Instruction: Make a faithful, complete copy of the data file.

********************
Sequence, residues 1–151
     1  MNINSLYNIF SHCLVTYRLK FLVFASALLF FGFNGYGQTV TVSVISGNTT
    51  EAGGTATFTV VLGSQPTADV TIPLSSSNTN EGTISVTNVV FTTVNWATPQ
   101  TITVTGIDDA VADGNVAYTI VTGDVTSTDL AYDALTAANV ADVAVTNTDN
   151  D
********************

Sequence, residues 1–151
     1  MNINSLYNIF SHCLVTYRLK FLVFASALLF FGFNGYGQTV TVSVISGNTT
    51  EAGGTATFTV VLGSQPTADV TIPLSSSNTN EGTISVTNVV FTTVNWATPQ
   101  TITVTGIDDA VADGNVAYTI VTGDVTSTDL AYDALTAANV ADVAVTNTDN
   151  D